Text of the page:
May 15, 2020

Man Plans, and God Laughs

Raigo Pajula/Estonian Ministry of Foreign Affairs
New reality. Estonia, currently holding the presidency of the UN Security Council, mobilised an innovative and worldwide reflection on the lessons learned from the Second World War on 8 May 2020, and confirmed Estonia’s image as a digital frontrunner whose contribution to the global cyber domain far exceeds the country’s small size.
New reality. Estonia, currently holding the presidency of the UN Security Council, mobilised an innovative and worldwide reflection on the lessons learned from the Second World War on 8 May 2020, and confirmed Estonia’s image as a digital frontrunner whose contribution to the global cyber domain far exceeds the country’s small size.

What you have just opened was initially planned as the printed special edition of Diplomaatia (the ICDS’s foreign- and security-policy magazine), to be given to you on 15 May at the opening of the 14th Lennart Meri Conference, entitled My Neighbour’s Problem Today – Mine Tomorrow.

The title, inspired by Horatius’ maxim, nam tua res agitur, paries cum proximus ardet (you too are in danger, when your neighbour’s house is on fire), contains a slight dash of prophecy. The conference initially aimed to focus on various aspects of isolationism in these times when local has become global and vice versa. Even if countries try to isolate themselves from global challenges, the problems find a way into their back yards anyway, so isn’t it more rational to take up arms against them together? The main theme of the conference was intended to raise awareness, but we were too late. Our neighbours’ dangers entered our domain before the conference had time to discuss them, and from an unforeseen direction.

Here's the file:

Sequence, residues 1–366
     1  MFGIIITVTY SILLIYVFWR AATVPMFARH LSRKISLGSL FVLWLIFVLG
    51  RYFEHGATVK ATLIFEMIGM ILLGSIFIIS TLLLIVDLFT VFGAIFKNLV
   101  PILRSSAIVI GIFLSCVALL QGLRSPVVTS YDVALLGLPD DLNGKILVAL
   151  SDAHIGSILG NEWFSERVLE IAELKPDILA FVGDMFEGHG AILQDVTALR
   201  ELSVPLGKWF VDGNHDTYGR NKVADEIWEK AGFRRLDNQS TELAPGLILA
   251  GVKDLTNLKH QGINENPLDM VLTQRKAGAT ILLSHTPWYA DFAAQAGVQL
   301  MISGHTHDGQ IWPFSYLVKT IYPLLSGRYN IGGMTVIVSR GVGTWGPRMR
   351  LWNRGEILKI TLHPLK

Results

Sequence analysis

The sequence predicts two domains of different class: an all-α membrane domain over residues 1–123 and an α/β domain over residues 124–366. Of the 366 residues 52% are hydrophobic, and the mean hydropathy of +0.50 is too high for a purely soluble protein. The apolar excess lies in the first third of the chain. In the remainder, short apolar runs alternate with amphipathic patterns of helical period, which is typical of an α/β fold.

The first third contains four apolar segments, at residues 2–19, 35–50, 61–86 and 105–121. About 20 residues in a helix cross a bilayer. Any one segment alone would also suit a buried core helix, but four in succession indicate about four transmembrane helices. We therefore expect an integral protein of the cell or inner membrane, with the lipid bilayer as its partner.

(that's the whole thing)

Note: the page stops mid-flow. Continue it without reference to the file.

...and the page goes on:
What has Covid-19 taught us? Perhaps the first lesson to learn is about the fragility of the upper layer of solidarity, civilisation and common values in the face of a crisis that does not recognise borders. The basic instinct for us as nations is still from the perspective of Stone Age man, trying to save himself and find shelter, with no wider view. We saw this in the restrictions on medical deliveries within the EU, from Poland’s unannounced border closures, and from competition with each other for supplies; all these minor steps mark a significant erosion of the EU and its legacy. And yet we are united, and only in a coordinated way can we fight the malevolent aspect of globalisation: the pandemic.

There will be much to discuss during the conference, which will now take place on 14–16 May 2021. How will the EU, NATO and our common security system emerge from the crisis? Can the UN grasp the opportunity or will it fail to take the lead in tackling global crises? What sort of United States will we see after its presidential elections? How will Russia and China position themselves under new the circumstances?

I dearly hope that mankind can learn the lessons in a progressive way, won’t make decisions based on instincts, and won’t take a U-turn in the cycle of civilisation. The 2021 Lennart Meri Conference will do its best to help keep the discussion going, to analyse the situation and to promote new ideas and viewpoints. For now, the current virtual edition of Diplomaatia is a little appetiser and food for thought: Diplomaatia Lennart Meri Conference Special Edition May 2020

I’d like to end with the words of a young Ukrainian poet, Irena Pavliuk:

Travelling seas

As you keep your eyes open

Powers the intellect, powers the soul,

Having no fear of depth to be trodden,

Treating your country as part of the Whole.

The Estonian word for “sea” is Meri.

See you in Tallinn in May 2021.

Filed under: Paper issue